Forest of Interbeing is a reforestation project run voluntarily by young mindfulness practitioners from all over the world whose aim is to reforest, and maintain deforested land in the Mexican state of Veracruz. We are working in cooperation with a Mexican nature conservation association, local communities, international funders, and the Wake Up Community in Mexico and abroad.
I studied geography at Graz University in my native Austria with special focus on sustainable development. In 2012 I came to the Tuxtlas region in Mexico to do my thesis on ecotourism, and I continued to stay here. I knew about the teachings of Thich Nhat Hanh from reading books and watching YouTube videos, but hadn’t had a chance to attend a Sangha or a retreat. I went to a Mindfulness Based Stress Reduction course and later found out about the Wake Up movement on the Internet (www.wkup.org). I wanted to be part of Wake Up, but I was reluctant to start a group because I thought that I wasn’t ready.
Then a few months ago, I wrote to Brandon Rennels from Wake Up International and got a lot of encouragement and resources to practice, so I started a Wake Up group in Los Tuxtlas. Though there is a lot of interest, there is not an established group that meets regularly yet, but I’m optimistic that there will be soon.
I came up with the Forest of Interbeing project because when I found out about the massive deforestation of the tropical rainforest here and the many problems related to it (loss of biodiversity, scarcity of water in the dry season on the one hand and soil erosion and flooding in the rainy season on the other hand, and on a global level, climate change), I saw that my thesis and the government programs in my region didn’t have a lot of impact. That made me motivated to become more active in working on projects that are good for the Earth. Thay always says that if you want to do something that has an impact, you need a Sangha.
So I had an idea, proposed the project to the international Wake Up Sanghas, and thought, “Let’s see what’s going to happen.” It was amazing what happened. There was a lot of interest and enthusiasm.
We are currently focusing our efforts on five project areas in Mexico, located in the Los Tuxtlas region of Veracruz. Los Tuxtlas is the northernmost tropical rainforest area in America and an area of high biodiversity value that is home to many threatened plant and animal species. By replanting parcels of land where tropical forest has been destroyed for ranching, we can have a real impact. Reforestation returns homes to many living beings and diverse wildlife that have suffered from the unskillful way in which we have related to nature. Restoring these lands will also allow our descendants to enjoy a healthy Mother Earth.
In doing a project like this, it is sometimes difficult to concentrate on the present moment and not dream about the future; that is a constant challenge. Just because you are working on a mindfulness project doesn’t mean you are always mindful. When I’m out in nature to look at places we might reforest, it is easy to connect with the present moment. It is more difficult when I’m on the computer.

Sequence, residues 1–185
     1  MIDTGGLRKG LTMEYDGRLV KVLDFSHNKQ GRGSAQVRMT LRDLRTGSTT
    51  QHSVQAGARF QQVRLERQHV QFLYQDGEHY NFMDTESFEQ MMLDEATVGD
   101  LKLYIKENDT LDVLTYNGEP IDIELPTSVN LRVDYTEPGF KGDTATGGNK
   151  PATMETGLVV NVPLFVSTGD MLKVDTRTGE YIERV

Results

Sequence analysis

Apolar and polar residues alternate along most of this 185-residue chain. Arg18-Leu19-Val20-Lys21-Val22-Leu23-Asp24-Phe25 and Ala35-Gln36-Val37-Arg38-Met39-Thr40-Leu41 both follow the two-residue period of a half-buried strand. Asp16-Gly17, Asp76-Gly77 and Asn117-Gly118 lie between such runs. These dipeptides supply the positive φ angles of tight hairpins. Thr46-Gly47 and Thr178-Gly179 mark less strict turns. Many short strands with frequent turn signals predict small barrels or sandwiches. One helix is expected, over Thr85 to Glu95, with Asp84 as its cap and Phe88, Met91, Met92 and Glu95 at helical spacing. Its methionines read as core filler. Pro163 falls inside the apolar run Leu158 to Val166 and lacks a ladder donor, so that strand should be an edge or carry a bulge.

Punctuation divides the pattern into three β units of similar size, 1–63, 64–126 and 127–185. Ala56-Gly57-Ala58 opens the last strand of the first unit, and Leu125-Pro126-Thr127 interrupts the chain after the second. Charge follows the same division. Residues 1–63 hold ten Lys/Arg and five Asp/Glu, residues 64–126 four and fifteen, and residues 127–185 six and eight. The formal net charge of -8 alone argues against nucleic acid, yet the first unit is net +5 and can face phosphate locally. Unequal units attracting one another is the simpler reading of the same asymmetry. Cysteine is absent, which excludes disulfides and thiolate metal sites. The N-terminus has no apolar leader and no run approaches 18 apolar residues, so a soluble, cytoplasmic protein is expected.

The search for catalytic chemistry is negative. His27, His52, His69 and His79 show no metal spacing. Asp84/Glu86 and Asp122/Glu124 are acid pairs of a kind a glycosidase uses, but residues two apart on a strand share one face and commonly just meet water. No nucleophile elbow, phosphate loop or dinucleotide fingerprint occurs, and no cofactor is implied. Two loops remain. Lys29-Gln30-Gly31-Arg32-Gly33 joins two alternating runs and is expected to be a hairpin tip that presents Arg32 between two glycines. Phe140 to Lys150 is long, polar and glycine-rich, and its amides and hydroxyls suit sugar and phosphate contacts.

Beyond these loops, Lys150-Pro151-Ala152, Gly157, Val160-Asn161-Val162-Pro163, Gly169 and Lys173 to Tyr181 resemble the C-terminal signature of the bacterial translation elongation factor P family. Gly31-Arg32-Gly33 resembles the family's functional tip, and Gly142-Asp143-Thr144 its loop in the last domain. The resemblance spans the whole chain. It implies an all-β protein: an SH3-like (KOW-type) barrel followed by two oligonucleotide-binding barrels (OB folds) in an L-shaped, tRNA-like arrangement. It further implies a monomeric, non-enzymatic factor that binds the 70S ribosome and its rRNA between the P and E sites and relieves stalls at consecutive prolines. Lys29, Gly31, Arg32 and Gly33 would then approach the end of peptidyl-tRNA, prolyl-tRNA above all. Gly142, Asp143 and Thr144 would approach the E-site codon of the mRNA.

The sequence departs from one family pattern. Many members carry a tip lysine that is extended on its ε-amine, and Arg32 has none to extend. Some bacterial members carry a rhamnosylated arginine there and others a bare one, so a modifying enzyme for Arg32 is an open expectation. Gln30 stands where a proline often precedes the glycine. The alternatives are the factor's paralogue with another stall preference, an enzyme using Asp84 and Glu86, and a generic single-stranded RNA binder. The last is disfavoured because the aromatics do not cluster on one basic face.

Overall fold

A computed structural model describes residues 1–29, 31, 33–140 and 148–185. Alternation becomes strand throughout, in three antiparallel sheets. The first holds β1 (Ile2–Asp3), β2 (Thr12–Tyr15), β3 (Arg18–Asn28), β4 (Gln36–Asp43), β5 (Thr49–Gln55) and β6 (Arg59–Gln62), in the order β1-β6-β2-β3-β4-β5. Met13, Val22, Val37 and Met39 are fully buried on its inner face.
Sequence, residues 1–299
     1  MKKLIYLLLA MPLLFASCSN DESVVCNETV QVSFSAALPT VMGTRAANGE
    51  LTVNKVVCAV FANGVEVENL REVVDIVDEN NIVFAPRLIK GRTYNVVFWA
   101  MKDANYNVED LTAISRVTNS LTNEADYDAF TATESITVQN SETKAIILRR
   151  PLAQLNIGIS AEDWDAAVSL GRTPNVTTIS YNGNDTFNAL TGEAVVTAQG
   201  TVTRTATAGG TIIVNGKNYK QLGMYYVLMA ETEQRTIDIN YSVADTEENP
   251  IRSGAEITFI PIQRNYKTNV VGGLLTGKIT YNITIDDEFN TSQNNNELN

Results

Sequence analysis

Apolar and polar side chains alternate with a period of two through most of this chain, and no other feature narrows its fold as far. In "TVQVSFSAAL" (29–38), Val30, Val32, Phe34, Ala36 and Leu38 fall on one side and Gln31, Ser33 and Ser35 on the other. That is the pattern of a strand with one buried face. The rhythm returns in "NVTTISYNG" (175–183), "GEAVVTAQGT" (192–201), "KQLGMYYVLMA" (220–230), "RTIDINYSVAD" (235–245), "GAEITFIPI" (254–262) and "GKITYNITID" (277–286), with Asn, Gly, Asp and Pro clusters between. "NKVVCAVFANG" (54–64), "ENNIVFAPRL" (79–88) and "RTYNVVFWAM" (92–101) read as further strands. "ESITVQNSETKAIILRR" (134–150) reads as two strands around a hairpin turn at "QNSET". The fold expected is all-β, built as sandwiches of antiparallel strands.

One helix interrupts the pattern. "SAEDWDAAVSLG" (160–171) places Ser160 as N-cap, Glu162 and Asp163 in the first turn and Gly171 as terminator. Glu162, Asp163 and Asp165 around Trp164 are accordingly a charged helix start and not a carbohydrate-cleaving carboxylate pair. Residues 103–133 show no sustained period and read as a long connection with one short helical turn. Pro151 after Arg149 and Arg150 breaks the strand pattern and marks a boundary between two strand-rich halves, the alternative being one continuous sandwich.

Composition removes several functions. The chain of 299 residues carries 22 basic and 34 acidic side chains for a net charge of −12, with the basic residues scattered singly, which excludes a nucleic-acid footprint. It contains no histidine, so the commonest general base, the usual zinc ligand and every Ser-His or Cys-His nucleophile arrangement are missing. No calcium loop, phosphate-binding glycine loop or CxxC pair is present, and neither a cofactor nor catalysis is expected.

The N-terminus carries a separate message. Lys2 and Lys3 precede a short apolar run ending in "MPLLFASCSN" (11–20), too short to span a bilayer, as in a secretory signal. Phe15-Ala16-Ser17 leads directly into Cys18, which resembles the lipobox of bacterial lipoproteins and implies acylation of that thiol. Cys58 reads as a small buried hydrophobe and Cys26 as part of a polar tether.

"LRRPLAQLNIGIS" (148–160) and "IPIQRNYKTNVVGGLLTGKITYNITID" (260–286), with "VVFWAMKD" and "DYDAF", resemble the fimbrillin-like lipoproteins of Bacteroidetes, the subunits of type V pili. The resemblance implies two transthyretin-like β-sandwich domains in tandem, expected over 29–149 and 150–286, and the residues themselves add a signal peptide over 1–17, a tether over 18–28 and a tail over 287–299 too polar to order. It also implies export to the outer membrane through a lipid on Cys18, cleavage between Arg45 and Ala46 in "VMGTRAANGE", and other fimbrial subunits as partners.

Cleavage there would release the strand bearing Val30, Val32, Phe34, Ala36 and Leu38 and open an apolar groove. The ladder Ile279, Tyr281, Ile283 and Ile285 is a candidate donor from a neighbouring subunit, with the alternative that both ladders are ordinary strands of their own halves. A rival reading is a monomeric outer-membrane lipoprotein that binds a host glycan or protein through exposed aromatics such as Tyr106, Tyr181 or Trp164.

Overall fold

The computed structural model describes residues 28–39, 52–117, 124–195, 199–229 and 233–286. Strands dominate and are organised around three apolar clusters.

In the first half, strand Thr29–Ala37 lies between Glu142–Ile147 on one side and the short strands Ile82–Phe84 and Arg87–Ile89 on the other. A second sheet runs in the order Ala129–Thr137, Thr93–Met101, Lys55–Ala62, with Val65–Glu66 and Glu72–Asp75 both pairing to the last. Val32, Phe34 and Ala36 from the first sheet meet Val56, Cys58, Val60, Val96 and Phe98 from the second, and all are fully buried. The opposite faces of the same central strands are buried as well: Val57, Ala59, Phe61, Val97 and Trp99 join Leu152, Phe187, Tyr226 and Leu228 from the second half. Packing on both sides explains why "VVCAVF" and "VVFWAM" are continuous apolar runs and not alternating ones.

Working together with a few friends from Wake Up has been a wonderful experience. We’ve had Skype calls every two weeks, and our virtual meetings have been very joyful. It’s great how everyone has been showing up, participating, and trying to help in this project.
There is also interest from mindfulness practitioners in other parts of Mexico to come and help, as well as from schools in this area. That is an important aspect of the project; it is a kind of environmental education, where children and young adults can work on conserving the environment. I think this has much more impact than learning about these things in the classroom. By now (July 2014), we have already reforested 120 trees on the land of a private person and of a school. If everything goes well, we will continue to plant many more the rest of this summer.
Right now we are focusing our efforts to reforest on the land of people willing to provide parts of their land. However, for the long run our goal is to purchase land in strategic places for conservation, for example to protect headwaters, to enlarge remaining forest areas, and to establish corridors between isolated wooded areas, which are very important for biodiversity. Land prices are very low here in Los Tuxtlas, but still this would require much more funding than our current activities.
Our dream is that this Forest of Interbeing will continue to grow and nourish the intercultural connections and the collective mind of love in our worldwide communities and Sanghas.
A version of this article was published on the Wake Up International website: http://www.wkup.org/deforestation-los-tuxtlas-mexico/
Christoph Neger, Solidez Radiante del Corazón – Radiating Solidity of the Heart, was born in Graz, Austria. He received the Five Mindfulness Trainings on a retreat in Ahuatepec, Mexico in 2014. He works online for an Austrian economic research company and lives in San Andrés Tuxtla, Veracruz, Mexico, where he enjoys the friendliness of local people and the area’s wonderful nature.